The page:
Monthly Archives: September 2017

Stand Here, Now!

By Yogeshwari Fountain

You can travel the world to visit holy sites.  Many of my friends have shared profound experiences of touching the Wailing Wall in Jerusalem, gazing up at the ceiling of the Sistine Chapel or walking the 500-mile El Camino trail through Spain.  My husband hiked down into the Grand Canyon this summer and felt he’d never be the same again.

Expansive, spiritual settings expand us back into the Self, the vastness of our own inner Being.  Yet Yoga says that the most sacred site of all is your own body, here in the present moment, in each breath you take, and on the very ground upon which you now stand.

“The spot where you now stand is sacred ground.  You, standing on it, and your body with which you stand are both sacred.  There is nowhere that God is not.”  — Swami Nirmalananda (formerly Rama Berch),

Tadasana teaches you how to stand firmly, with precise alignment and total ease.  While often-called “Mountain Pose,” it is more importantly the “pose of That” (the Supreme Reality).  Being grounded in your body is more than a physical feeling of strength and stamina, but a quality of quiet mind and surrender.

We are accustomed to looking outside ourselves for the holy.  Yet, whenever I stop what I am doing and allow myself to feel that shift back inside my body, I feel more my “Self.”  Standing in stillness opens up your breath, and releases your spinal tension.  Your eyes become clear and you gain a new perspective.

Consider the power of standing still.  Not rushing off to the next thing you have to do.  Not squirming in discomfort, or checking your smart phone.  Not worrying about your next move.   Instead, settle into an upright stillness that is both internally quiet and immovable.  You might even feel gravity’s gentle pull through your muscles and bones, while you feel taller and lighter.  It’s amazing!  A seven-year named Zachery once described this to me as, “I know what God is!  God is gravity!”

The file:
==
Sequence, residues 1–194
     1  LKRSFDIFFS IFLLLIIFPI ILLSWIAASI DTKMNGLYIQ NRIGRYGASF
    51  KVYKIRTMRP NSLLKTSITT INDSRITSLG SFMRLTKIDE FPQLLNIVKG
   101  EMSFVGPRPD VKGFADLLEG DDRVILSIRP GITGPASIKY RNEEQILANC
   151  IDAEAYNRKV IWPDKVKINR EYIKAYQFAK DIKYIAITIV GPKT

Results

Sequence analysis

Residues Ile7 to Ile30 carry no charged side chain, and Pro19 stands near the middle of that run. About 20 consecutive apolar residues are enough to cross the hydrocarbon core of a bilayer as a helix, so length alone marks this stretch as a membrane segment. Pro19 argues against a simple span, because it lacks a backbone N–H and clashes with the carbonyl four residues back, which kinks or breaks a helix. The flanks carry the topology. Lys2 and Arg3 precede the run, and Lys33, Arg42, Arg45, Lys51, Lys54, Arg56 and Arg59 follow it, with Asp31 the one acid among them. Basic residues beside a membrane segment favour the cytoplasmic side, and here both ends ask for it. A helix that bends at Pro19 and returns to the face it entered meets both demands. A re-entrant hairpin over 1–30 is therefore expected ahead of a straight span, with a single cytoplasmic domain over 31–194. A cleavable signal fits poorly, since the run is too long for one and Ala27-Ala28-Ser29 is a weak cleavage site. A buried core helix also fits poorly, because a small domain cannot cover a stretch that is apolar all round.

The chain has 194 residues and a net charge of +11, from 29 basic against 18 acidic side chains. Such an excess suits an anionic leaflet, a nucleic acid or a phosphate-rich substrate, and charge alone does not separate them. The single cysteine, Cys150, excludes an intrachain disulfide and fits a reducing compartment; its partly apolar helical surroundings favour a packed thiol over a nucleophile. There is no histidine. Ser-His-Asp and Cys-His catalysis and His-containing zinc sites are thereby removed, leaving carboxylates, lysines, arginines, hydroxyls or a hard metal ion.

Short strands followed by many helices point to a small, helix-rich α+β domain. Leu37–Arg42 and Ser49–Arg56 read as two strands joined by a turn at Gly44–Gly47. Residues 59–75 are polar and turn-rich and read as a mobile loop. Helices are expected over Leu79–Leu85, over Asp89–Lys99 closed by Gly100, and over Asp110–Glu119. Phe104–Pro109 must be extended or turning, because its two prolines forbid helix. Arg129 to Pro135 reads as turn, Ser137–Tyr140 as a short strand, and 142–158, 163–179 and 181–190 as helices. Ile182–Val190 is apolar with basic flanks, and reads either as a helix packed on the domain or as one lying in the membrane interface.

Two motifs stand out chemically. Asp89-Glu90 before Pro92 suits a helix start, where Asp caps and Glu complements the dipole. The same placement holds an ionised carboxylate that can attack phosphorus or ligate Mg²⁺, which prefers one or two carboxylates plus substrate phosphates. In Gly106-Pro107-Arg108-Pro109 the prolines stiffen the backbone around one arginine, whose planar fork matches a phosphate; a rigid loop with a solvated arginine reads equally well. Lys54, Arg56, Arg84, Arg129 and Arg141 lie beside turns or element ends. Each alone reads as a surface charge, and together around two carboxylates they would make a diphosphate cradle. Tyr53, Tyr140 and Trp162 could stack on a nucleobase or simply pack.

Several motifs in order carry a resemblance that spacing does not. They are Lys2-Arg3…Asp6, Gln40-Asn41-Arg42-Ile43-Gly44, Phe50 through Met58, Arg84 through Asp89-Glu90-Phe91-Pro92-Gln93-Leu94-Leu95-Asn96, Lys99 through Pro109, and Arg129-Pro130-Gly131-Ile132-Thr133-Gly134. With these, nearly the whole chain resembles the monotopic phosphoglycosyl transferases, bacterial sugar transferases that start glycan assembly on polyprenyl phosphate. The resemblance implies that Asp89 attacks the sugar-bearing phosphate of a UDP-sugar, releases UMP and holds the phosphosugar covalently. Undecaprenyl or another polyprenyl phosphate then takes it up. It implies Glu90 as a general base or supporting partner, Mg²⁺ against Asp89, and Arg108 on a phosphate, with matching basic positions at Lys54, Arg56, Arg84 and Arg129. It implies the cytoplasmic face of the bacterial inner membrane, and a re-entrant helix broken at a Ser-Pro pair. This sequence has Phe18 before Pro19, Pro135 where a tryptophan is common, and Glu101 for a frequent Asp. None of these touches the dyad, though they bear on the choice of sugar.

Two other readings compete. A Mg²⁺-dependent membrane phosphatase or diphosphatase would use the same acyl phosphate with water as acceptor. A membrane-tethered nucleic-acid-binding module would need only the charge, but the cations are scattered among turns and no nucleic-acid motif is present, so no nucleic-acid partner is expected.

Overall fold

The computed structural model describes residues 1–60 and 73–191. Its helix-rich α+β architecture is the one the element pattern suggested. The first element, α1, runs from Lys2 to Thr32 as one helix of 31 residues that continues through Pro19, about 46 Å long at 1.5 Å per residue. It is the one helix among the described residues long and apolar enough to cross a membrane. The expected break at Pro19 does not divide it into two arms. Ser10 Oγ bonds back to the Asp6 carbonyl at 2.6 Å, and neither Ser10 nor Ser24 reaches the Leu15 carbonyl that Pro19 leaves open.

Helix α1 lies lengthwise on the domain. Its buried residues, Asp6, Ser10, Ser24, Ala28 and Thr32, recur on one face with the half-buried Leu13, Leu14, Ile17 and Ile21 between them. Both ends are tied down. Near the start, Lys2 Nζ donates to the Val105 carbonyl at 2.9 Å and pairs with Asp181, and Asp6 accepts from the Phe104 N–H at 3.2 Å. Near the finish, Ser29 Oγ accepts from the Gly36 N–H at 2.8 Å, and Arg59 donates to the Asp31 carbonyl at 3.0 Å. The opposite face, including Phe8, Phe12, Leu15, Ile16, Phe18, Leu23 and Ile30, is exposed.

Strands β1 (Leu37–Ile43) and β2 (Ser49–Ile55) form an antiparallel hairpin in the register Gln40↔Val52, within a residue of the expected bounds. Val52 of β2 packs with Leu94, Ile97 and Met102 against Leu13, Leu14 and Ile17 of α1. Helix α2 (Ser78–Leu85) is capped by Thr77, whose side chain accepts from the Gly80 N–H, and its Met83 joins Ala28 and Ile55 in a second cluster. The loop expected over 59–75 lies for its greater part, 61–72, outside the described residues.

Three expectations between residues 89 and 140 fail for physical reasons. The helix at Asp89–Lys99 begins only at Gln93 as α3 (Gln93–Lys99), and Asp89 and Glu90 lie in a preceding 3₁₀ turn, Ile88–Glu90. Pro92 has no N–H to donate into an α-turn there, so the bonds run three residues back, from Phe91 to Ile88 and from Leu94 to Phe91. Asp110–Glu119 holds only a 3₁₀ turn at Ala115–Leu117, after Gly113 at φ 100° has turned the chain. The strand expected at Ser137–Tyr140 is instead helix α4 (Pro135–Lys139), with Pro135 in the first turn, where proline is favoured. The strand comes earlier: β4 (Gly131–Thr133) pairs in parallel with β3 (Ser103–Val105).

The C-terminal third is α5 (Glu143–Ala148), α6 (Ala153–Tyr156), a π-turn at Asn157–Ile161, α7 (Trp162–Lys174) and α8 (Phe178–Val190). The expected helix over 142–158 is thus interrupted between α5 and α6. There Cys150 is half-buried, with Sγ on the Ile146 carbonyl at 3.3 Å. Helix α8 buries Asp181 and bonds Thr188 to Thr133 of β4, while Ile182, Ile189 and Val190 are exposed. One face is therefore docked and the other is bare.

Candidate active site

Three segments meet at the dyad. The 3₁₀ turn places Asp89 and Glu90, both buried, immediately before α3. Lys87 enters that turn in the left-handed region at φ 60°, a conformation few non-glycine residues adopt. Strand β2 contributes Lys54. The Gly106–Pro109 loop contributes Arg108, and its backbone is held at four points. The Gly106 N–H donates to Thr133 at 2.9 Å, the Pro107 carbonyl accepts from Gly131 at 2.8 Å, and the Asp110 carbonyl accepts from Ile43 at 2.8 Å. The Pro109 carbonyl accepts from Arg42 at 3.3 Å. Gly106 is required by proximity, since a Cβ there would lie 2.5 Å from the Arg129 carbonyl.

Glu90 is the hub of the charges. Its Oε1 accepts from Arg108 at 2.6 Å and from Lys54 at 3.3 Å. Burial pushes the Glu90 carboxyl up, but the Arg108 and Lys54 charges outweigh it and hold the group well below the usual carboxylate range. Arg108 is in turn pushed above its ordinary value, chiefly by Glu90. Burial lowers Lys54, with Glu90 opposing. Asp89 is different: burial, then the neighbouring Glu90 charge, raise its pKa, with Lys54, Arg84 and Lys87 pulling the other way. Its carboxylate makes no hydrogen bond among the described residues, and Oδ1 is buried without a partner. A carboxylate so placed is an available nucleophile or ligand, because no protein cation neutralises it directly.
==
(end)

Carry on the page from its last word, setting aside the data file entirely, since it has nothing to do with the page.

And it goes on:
It’s true that standing in my bones connects me to God’s presence within me, as me.  By standing still, you trust that where you are, right now, is just where you are supposed to be, and can let go.

This is a radically different view of the world: there is nothing you have to attain, no one you have to be, for everything is already perfect, already Divine.  The ultimate Reality that pervades all of existence, Shiva, is being every thought, every breath and every experience you are having.  The mundane and the divine are inextricably interwoven.  This is called Tantric living, and it comes from Kashmiri Shaivism, the yoga philosophy I practice.  It has taken me years to slow down, to stand still, to become more aware.  But as I continue to surrender to meditation and my Guru’s Grace, the easier it becomes.

Later this year, I am going on pilgrimage to Ganeshpuri, India, a sleepy little village that is the home of my Guru’s lineage.  I’ve been there before.  I already know that every inch of soil beneath my feet will feel sacred to me.  Everywhere I’ll look I’ll see the face of God.

Yet as special as this is, I don’t have to go to India to find it.  I know the temple is within me.  Right here and now, the ground I am standing upon is sacred; as is the body I live in.   Perhaps you too have a special place of pilgrimage, one that will reliably make you feel quiet inside and filled with grace.  You need look no further: stand here, now.

Traditional Tales and Mystical Meanings

By Swami Nirmalananda Saraswati

The mythic dimension of our lives is a doorway to the mystical dimension of our beings.  Today we welcome a new writer to our blog team, a yogi who grew up with these stories in her native Sri Lanka.  The classical Hindu tales always offer a yogic teaching, which I will draw out in each blog, both to warm your heart as well as to expand your understanding.

Nirooshitha Sethuram is a Svaroopa® yoga teacher in America, bringing both western and Hindu perspectives to our profound yogic tradition.  She explains, “The Mango Story is the first story that most Hindu children hear from their parents.  Very simple, yet very rich in its essence.”


The Mango Story

By Nirooshitha Sethuram

It was another beautiful day on Mt.  Kailash, where Lord Shiva and Goddess Parvati were with their two children, Ganesha and Karttikeya.

On this day Sage Narada was visiting.  Narada is the son of Brahma, the creator, also known to be the creator of problems which end in goodness to the world.  Narada brought a special mango in his hand, claiming he had come to pay respects to Lord Shiva and Goddess Parvati, but they knew that it was not the case.  He was there to start some mischief.  They were right; he had come to test the two children, Ganesha and Karttikeya.

Sage Narada offered the special mango to Lord Shiva, saying it was a very special mango, sweeter than the nectar of any fruit there was.  Narada also said it was to be eaten by one person only and should not be shared.  With a smile, Lord Shiva asked, “Have you started to execute your mischief yet?”  Then Shiva said, “I can’t eat it, as I share everything with Parvati,” so He offered it to Parvati.  Parvati said that She can’t have it either, as She also shares everything with Lord Shiva.

Sage Narada pretended to be sad because they rejected what he offered, though he was happy that his plan was working.  He says, “Oh my Lord, please, one of you in your family should eat it!  Maybe it can be one of your children.”  Knowing what was happening, Lord Shiva called for his sons, Ganesha and Karttikeya.